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Major Residential Leasehold Reforms Proposed

The Law Commission has recently announced plans to reform the English leasehold property system. The stated intention behind the Law Commission’s proposals is to make the system easier to use and more comprehensive for the parties involved.

The Leasehold Reform (Ground Rent) Bill (“LRGRB”) proposed the following changes should residential leaseholders wish to start a new claim for the acquisition of their property’s freeholds (i.e. enfranchisement) or an extension of their leases:

  • Providing a new right to leaseholders of both houses and flats to a lease extension for a term of 990 years, with no ongoing ground rent under the extended lease
  • Providing a new right for leaseholders to “buy out” the ground rent under their lease without also having to extend the length of their lease
  • Removing the requirement for leaseholders to have owned their leases for two years before exercising enfranchisement rights and allowing flat leasehold owners to buy the freehold of a block where up to 50% of the building comprises commercial space
  • Providing for groups of flat leasehold owners to acquire multiple buildings in one claim and allowing leaseholders to require landlords to take “leasebacks” of units within the building which are not let to leaseholders participating in the claim, in the hope that this will make it easier and less expensive for leaseholders to enfranchise
  • Ensuring that a leaseholder is protected against the imposition of onerous or unreasonable obligations on acquisition of the freehold title to their property
  • Replacing the various procedures for making enfranchisement claims with one, streamlined procedure
  • Providing that all enfranchisement disputes should be decided by the First-tier Tribunal and, if the issue relates solely to valuation, the cases should be heard by a single valuer, to ensure the matter does not become unnecessarily protracted; and
  • Eliminating or limiting leaseholders’ liability to pay their landlord’s costs, in place of the current requirement that leaseholders pay their landlord’s uncapped costs, which can on occasion exceed the enfranchisement price.

The Law Commission also made proposals in connection with the costs of an enfranchisement claim.  There are proposals to limit the contributions leaseholders are required to make to the ‘non-litigation costs’ of their landlord.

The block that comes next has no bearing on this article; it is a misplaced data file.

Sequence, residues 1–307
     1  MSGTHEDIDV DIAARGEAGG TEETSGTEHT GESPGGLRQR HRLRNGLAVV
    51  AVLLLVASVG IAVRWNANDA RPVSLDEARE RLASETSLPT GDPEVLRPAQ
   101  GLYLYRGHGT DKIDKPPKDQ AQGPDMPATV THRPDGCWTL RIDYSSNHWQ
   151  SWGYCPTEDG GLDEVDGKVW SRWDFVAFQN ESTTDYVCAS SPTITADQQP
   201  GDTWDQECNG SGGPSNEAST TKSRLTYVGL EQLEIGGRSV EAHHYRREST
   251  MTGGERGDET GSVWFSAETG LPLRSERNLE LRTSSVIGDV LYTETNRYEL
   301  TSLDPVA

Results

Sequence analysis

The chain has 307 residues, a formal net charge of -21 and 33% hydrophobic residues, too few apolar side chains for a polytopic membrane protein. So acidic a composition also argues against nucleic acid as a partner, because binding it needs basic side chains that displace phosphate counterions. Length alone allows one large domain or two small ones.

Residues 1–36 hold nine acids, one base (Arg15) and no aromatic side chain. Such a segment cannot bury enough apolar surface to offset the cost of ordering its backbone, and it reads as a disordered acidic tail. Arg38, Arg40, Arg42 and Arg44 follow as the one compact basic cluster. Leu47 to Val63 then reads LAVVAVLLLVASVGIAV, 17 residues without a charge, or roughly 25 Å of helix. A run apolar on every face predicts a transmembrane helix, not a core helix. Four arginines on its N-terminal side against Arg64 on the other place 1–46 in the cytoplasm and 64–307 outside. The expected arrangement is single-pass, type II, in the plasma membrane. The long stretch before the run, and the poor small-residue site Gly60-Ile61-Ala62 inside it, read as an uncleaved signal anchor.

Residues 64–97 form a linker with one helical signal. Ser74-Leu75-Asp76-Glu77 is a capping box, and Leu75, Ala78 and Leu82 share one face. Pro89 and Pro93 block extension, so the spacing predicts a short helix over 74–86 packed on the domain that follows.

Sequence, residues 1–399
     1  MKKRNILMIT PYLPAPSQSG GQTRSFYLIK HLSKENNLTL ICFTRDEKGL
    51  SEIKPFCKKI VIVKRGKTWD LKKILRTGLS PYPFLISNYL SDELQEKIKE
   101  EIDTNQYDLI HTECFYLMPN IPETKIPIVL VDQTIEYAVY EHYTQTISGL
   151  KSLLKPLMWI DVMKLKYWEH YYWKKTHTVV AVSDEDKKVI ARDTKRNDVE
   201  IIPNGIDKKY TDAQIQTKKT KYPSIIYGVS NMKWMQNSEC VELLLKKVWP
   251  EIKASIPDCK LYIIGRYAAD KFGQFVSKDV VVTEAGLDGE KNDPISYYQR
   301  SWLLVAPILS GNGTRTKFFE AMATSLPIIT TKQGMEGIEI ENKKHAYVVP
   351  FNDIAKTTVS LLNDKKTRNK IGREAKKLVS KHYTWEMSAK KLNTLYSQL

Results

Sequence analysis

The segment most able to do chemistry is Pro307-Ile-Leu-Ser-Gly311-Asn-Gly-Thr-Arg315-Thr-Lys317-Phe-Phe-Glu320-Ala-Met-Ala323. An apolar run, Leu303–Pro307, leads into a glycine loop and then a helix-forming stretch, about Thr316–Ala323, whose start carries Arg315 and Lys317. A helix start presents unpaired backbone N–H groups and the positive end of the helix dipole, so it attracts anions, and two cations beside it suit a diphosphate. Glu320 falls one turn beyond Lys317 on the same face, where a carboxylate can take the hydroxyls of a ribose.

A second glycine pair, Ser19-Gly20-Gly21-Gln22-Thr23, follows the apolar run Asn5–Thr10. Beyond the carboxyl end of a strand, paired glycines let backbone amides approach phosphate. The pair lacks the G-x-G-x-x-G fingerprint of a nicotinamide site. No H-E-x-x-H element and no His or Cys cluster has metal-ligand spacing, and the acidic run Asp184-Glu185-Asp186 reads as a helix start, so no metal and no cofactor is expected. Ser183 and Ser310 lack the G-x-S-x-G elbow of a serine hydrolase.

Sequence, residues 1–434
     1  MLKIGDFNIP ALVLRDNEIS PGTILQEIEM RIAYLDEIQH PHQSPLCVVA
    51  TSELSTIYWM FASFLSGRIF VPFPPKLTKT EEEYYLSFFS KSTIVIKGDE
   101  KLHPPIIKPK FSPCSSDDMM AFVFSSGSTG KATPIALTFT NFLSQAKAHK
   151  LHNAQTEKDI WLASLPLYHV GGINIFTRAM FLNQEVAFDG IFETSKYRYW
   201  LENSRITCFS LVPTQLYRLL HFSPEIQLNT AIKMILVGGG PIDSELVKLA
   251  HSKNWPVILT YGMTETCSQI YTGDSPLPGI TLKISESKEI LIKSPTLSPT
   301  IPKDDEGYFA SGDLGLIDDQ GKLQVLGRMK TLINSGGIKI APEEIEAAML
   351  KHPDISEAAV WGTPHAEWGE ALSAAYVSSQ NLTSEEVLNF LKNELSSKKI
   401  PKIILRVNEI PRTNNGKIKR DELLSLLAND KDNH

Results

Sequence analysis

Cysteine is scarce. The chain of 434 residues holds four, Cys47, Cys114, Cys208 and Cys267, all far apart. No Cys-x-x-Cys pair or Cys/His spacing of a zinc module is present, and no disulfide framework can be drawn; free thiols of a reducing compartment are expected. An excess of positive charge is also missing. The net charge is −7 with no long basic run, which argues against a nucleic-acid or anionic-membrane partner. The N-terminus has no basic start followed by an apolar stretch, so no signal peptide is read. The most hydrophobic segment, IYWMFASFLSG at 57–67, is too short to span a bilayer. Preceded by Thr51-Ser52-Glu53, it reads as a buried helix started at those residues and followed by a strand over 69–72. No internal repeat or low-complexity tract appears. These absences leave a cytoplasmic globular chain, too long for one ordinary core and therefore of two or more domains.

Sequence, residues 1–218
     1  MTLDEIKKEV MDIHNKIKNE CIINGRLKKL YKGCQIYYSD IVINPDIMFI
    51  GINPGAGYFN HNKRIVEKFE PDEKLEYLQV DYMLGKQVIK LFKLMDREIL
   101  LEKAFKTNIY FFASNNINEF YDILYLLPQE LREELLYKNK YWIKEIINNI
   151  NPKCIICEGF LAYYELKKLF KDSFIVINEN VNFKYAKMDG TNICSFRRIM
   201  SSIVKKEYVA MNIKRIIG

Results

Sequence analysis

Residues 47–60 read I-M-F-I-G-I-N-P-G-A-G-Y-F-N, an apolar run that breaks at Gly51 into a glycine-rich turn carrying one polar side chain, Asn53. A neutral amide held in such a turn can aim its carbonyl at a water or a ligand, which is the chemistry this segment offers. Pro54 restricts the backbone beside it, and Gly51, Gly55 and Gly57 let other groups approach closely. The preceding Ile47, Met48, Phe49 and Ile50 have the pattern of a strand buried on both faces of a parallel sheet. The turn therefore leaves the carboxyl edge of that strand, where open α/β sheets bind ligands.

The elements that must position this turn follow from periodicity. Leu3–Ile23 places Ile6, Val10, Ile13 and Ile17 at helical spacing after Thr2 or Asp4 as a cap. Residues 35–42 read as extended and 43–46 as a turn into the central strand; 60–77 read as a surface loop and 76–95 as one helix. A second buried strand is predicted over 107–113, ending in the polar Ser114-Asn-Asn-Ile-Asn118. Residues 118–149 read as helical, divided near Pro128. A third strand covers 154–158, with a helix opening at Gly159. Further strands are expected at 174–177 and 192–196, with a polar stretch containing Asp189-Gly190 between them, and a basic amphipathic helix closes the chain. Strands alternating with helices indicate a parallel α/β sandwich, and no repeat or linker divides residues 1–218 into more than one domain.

If the government adopts a valuation methodology that is broadly based on market value, the Law Commission recommended that leaseholders should not generally be required to make any contribution to the landlord’s non-litigation costs on completion of the claim, save in low value claims, where a contribution may be required (capped at the amount of the premium).

If the government does not adopt a valuation methodology based on market value, it was recommended that leaseholders should continue to contribute towards their landlord’s non-litigation costs, but those costs should be calculated in accordance with a fixed costs regime.  A system of security for costs was also suggested to ensure consistency across the different enfranchisement rights.

The proposals also contained provisions aimed at ensuring that new long residential leases are only granted at a peppercorn rent. Enforcement would be under threat of a civil penalty with fines of up to £5,000 for freeholders who charge ground rent in contravention of the restrictions. In the case of multiple breaches by the same landlord in respect of a lease, only a single penalty may be imposed but a previous penalty for other breaches would not prevent a further penalty being imposed. The government also indicated that it plans to prevent any financial demands for ground rent for future qualifying leases.

This aspect of the reform will not affect all leases.  There will be a few exemptions, including:

  • Certain parts of the community-led housing sector, so that they can retain the right to levy ground rent to maintain their ability to further promote community activities.
  • Certain financial products, which depend on leases where rent replaces interest bearing mortgage payments, such as some equity release schemes and the Islamic finance sector.
  • Business leases, where people need to live in the same premises as they work, to allow the parties to agree suitable terms for the overall occupation.
  • There is nothing to indicate that there will be any changes for long residential leases that have already been granted subject to substantial ground rents. This, however, is yet to be confirmed.

There is no guarantee that all the proposals referenced above will come into force as detailed or at all. Should the proposals be implemented, it will likely be a long process before the changes come into force. However, the new proposals have promising implications for leaseholders wishing to acquire their freehold or extend their lease, especially in relation to costs.

In the meantime, it is important for those making decisions regarding residential property to bear these proposed changes in mind and consider how they might impact on their current plans.


This briefing is for guidance purposes only. RadcliffesLeBrasseur LLP accepts no responsibility or liability whatsoever for any action taken or not taken in relation to this note and recommends that appropriate legal advice be taken having regard to a client's own particular circumstances.

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